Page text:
is primarily at compile time (statements that delimit program and subprogram boundaries,
declaration statements of variables). Use lower case letters for everything else, including the
bulk of run-time code. Description of routines to be enclosed in a little box with a description
of what it does and an author. Later changes to be documented at the bottom of this box. For

! Routine not to do anything at all. !
! !
! MDT 8.2000 !
! !
! Changes: !
! -------- !
! 3/2001 MDT - added capability to write Hello !
! 5/2001 MDT - added additional capability to write Everyday Spanish !
USE dsp
USE parallel
INTEGER i,j,k,some_integer
REAL(dp) a

do j=1,10
do k=1,1000000
write(6,*)Everyday Spanish



Contents of if, do and case blocks to be indented by one space.

In general dont put spaces between words, e.g.,

if ( something_is_true ) a = b + c

Use f90 versions of: .eq..ne. .lt. .le. etc.. i.e., ==, /-, <, <=

Maximum of 80 characters per line. If you go over this, use & continuation characters at the
end of the line and at the beginning of the next one.
Two blank lines between subroutines in a given physical file.
Error conditions to be handled using the errstop and errwarn routines (in the utilities.f90 mod-
Use endif enddo not end if end do.
No double colons in simple variable declarations e.g.

INTEGER ialloc
except where required e.g.

In lists of declared variables, adhere to the following order:

INTENTed dummy arguments first, order: in/inout/out

(INTEGER,ITENT(inout) etc..)
(INTEGER,INTENT(out) etc..)

followed by things which are not arguments


Within each class, put standard variables on the first line, followed by things with attributes
like ALLOCATABLE, PARAMETER, etc., on subsequent lines, in whatever order seems aes-
thetically pleasing.
Note the CHARACTER(12), not CHARACTER*12, which is not in the Fortran90 standard.

Dont use tab characters anywhere in the code.

All units for reading and writing to be allocated unit numbers using the standard call open units
procedure which you can figure out by looking at other examples in the source.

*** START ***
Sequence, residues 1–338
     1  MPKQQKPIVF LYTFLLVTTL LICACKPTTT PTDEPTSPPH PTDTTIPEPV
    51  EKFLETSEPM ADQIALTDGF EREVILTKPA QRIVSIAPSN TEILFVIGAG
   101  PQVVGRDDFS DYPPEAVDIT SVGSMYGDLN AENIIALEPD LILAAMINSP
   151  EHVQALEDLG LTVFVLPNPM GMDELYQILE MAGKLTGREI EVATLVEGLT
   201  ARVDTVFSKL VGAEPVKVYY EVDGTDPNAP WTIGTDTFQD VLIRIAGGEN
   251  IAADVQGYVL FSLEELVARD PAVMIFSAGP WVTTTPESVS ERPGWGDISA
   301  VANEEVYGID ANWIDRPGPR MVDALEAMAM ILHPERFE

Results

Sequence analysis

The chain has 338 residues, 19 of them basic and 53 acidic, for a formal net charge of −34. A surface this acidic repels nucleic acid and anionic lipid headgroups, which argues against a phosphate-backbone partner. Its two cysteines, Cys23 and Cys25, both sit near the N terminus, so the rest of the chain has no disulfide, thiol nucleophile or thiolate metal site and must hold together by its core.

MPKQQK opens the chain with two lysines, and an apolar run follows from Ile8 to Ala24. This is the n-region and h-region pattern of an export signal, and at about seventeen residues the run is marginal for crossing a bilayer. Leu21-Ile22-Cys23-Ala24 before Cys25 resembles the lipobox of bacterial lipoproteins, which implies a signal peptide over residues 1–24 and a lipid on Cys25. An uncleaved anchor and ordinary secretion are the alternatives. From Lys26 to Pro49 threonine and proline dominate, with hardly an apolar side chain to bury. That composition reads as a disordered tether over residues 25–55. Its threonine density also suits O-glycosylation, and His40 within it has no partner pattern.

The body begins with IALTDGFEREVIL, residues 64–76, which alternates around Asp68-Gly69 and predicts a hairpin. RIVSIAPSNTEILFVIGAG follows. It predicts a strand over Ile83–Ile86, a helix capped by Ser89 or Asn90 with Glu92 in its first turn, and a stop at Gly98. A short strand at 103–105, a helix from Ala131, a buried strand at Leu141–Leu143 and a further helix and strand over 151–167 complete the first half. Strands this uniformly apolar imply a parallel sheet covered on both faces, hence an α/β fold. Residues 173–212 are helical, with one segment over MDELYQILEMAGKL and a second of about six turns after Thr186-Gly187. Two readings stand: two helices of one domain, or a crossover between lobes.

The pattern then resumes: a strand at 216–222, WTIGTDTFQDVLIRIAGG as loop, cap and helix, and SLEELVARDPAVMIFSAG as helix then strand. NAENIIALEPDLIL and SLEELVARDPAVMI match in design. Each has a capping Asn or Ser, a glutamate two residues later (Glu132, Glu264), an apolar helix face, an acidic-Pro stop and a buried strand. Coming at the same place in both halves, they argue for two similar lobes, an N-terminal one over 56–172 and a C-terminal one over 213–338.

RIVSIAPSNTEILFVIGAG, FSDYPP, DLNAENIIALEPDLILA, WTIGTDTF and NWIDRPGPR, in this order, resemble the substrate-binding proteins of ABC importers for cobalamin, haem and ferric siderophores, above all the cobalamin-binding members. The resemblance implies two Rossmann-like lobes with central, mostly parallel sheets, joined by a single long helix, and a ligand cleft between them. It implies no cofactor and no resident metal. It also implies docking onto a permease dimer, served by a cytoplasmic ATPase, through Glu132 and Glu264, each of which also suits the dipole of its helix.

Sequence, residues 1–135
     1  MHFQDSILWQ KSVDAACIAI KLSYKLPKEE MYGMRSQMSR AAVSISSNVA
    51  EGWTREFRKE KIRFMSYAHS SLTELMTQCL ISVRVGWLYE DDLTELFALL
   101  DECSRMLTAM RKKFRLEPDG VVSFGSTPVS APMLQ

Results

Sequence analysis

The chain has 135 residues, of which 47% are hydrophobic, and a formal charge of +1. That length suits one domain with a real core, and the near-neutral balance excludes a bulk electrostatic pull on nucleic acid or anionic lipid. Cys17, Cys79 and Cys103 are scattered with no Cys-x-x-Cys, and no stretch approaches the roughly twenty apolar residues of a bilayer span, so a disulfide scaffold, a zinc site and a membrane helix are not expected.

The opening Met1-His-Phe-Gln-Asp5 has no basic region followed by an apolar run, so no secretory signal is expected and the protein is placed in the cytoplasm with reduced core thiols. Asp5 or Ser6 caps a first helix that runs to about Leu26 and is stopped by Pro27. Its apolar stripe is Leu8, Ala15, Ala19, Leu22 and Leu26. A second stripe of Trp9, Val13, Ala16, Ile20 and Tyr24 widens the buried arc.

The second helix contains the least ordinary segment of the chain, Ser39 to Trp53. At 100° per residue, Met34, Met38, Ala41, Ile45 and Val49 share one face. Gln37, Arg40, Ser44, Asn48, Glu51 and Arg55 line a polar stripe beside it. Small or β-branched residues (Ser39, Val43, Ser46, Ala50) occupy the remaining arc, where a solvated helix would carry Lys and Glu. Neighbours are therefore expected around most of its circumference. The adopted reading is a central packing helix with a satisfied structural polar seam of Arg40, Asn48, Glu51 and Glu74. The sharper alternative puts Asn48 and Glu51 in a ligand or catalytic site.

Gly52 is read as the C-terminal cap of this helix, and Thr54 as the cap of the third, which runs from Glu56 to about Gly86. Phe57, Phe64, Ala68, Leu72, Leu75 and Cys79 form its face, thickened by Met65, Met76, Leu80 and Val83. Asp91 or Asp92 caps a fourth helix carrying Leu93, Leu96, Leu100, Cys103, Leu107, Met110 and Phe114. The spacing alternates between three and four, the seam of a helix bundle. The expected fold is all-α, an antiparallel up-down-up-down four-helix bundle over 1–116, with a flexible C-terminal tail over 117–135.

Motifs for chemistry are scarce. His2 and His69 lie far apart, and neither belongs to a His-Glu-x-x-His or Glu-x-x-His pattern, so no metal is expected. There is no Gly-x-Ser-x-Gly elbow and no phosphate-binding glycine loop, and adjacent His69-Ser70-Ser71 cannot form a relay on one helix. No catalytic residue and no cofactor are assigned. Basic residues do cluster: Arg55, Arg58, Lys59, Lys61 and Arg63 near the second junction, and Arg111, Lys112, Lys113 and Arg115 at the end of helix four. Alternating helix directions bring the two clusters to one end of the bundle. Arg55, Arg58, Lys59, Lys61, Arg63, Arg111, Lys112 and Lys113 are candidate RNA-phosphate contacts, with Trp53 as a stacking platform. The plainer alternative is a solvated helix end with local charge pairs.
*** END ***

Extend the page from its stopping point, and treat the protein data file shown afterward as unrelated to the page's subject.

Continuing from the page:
Initial letter of comments to be in capitals. Comments to be spelled correctly. Comments to be

! This is a legitimate comment

! this is an illegitimate comment X

! tihs one is evn more illetigimate as i cant spell. XX

! allocate variables XXX (really?)


If you add a module USE statement anywhere, dont forget to change the dependency list in the
module USE statements in alphabetical order, followed by USE ONLYs, in alphabetical order

USE a1, ONLY : x
USE b1, ONLY : x
USE c1, ONLY : x

Dont use return at the end of each routine - just use END SUBROUTINE or END FUNCTION

Important policy statement : Following advice from ABINIT chief developer Xavier Gonze, and
in order to reduce the workload on Mike and Neil, the policy of the Cambridge group regarding
inclusion of routines written for CASINO is now as follows. Such modifications will not be accepted
under any circumstances unless the modifications are made to the most recent version of the code
(email Mike when commencing the merge so that the most recent version does not change too much
during this process).

The reason for adopting this policy is simply that merging complex code written by someone else
into a program as large and complex as CASINO is a very time-consuming procedure, and is prone
to introducing errors. This process can and has taken months with previous submissions.

Even if modifications are made to the latest version, you may find that they are still not incorporated
into the public release. If you want this to happen, there are a variety of ways to lower the energy
barrier for the inclusion of your routines. The general theme here is to try to reduce the amount
of effort that Mike has to perform to validate and check your code. If your submission includes lots
of things from the Good things list, and none at all from the Bad things list, then inclusion is
semi-automatic and will normally take place within days. We are aware that it requires a lot of work
to do the things on the Good list (so sulk about it) but we remind the reader that we will have to do
it if you dont.

20.2.1 Good things

Well written absolutely standard Fortran90 in the standard CASINO format. Do not use for-
tran95 (or later) constructs, or non-standard (but useful) extensions like flush.
The results of extensive testing of your routine with a range of examples, with before and after
numbers (including timings).
A detailed description of whatever your code is supposed to do (I shouldnt have to go through
each line of your code at the same detailed level you did, or I might as well have written it

A bit of TeX for inclusion in the manual (if the code requires the user to know something over
and above what the current manual describes).
Some example input/output which demonstrate the new capabilities that Mike can just run and
look at, without having to invent his own examples.
Evidence of testing on both single-processor and parallel machines. Remember only the master
node should be writing to the output file. Also - CASINO is supposed to compile and work